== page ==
Apple Will Not Unlock Drug Dealer’s iPhone, What About Shooter’s?

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Apple got its wish Monday after a federal judge in Brooklyn denied a Department of Justice request for a court order that would have compelled it to hack into the iPhone of a criminal defendant in a drug case. The decision possibly will bolster the smartphone maker’s resistance in the San Bernardino shooting case.

Some relief for Apple

On Monday, Judge James Orenstein ruled that government lawyers were unable to establish that the federal All Writs Act, which the government used to seek the order, is applicable in the case. According to Orenstein, the question “is not whether the government should be able to force Apple to help it unlock a specific device; it is instead whether the All Writs Act resolves that issue and many others like it to come.” He concluded it did not.

Orenstein came to this decision after weighing Apple’s closeness between the underlying criminal case and government investigation, the burden the requested order would place on the company, and the “necessity of imposing such a burden on Apple,” said the 50-page ruling.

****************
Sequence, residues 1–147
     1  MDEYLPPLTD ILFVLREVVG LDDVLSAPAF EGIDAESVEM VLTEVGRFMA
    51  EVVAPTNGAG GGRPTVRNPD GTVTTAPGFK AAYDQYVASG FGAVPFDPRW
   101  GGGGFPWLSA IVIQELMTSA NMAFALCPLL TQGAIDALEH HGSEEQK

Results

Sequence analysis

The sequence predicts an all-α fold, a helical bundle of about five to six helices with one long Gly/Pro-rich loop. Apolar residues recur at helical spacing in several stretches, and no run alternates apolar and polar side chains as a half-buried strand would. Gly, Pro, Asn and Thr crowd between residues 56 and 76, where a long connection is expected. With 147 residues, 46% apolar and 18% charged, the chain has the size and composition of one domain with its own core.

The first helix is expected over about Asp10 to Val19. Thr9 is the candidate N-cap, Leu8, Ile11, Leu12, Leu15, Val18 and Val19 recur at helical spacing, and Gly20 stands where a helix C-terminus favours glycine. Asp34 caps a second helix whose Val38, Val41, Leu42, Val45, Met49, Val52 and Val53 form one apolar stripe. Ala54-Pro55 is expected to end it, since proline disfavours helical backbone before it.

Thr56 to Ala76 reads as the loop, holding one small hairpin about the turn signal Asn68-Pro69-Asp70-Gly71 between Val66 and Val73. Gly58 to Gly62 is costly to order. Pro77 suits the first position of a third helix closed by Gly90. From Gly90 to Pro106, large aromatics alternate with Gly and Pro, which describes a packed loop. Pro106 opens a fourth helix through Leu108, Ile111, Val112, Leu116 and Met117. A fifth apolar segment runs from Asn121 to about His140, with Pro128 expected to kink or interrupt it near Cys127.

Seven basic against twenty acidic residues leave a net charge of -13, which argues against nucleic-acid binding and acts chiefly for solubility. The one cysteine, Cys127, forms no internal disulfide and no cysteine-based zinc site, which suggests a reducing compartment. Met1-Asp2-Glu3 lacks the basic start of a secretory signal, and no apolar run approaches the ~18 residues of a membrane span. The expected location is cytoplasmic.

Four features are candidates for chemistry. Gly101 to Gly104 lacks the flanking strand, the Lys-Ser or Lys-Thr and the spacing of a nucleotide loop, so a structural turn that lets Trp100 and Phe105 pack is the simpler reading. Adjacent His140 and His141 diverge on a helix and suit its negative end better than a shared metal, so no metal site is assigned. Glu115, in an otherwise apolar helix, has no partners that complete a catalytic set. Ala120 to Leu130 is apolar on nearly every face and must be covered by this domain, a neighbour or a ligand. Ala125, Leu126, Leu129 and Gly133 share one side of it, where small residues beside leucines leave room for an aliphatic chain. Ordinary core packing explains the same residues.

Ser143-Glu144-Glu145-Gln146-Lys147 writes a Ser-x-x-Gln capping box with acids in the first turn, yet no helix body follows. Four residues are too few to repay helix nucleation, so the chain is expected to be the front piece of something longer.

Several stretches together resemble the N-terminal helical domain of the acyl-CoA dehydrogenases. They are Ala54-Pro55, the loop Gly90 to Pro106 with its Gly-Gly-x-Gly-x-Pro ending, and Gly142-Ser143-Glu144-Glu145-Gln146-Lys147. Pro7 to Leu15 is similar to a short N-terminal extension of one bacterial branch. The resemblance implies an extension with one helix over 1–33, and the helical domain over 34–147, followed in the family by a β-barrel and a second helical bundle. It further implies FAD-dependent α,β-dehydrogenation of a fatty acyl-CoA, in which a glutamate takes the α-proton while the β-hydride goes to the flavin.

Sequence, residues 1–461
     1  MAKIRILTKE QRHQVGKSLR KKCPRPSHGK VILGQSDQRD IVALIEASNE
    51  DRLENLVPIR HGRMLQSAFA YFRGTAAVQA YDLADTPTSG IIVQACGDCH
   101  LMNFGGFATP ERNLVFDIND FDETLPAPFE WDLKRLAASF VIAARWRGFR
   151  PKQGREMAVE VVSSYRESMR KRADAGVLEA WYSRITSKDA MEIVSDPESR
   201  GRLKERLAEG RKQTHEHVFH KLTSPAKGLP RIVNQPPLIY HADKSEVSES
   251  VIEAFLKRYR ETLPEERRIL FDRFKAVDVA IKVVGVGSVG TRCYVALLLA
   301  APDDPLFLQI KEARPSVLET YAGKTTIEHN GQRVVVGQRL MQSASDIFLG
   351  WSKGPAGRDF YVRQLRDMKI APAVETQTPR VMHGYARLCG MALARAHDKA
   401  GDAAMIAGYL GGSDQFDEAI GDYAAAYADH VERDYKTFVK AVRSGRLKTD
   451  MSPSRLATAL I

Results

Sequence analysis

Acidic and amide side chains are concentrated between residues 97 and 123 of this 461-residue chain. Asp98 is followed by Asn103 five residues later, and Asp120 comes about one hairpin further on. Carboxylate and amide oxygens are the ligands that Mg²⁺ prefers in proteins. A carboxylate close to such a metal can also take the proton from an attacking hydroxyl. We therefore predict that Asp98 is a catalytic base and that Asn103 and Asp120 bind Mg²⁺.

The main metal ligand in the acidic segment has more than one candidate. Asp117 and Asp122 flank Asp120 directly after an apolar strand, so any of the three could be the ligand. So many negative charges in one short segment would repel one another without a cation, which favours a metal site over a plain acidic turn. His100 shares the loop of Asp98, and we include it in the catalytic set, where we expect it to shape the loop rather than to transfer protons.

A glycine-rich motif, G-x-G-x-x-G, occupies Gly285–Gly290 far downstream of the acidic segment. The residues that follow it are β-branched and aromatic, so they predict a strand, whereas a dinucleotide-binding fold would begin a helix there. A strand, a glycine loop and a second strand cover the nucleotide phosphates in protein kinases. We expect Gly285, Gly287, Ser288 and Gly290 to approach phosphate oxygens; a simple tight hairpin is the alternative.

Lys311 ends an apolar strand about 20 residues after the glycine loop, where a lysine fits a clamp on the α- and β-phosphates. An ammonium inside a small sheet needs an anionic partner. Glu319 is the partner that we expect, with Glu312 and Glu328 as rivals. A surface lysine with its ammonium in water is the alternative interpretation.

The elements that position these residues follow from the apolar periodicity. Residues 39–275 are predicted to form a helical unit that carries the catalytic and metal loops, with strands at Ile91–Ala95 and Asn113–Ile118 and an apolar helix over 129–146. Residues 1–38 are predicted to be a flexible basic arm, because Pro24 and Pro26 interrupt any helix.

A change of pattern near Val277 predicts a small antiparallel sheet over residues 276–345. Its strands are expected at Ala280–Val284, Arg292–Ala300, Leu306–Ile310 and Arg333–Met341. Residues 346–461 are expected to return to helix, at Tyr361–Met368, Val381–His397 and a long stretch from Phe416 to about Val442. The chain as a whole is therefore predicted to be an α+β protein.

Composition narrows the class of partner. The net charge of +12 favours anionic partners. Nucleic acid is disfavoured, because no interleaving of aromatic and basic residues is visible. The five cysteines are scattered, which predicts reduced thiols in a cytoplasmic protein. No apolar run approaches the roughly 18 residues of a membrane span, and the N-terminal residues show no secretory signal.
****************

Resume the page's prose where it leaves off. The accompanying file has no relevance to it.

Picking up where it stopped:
The government was disappointed by the ruling and plans to appeal it to a Brooklyn district court judge. The government said Apple expressly agreed to assist them, but after the news was made public, it changed course.

Will the Brooklyn case impact the San Bernardino case?

For Apple, this ruling comes as a small victory as it has been arguing that it should not be forced to violate the privacy and breach the confidence of its customers. The smartphone maker is still refusing an order from a judge in California to help the FBI unlock the iPhone used by one of the terrorists in the San Bernardino shooting, which led to 14 deaths.

Judge Sheri Pym, the California magistrate presiding over the legal struggle over hacking into the iPhone of San Bernardino shooter Syed Rizwan, will not be bound by the Brooklyn ruling but will consider the legal reasoning in Orenstein’s ruling.

Ryan Calo, a University of Washington law professor, told USA Today that this is a very important decision and that other courts where it isn’t binding will look to this order and read the judge’s reasoning. Both cases are in the early legal stages under magistrate judges, who stand below district court judges. This could result into a lengthy appeal process, unless the case is fast-tracked by a higher court.

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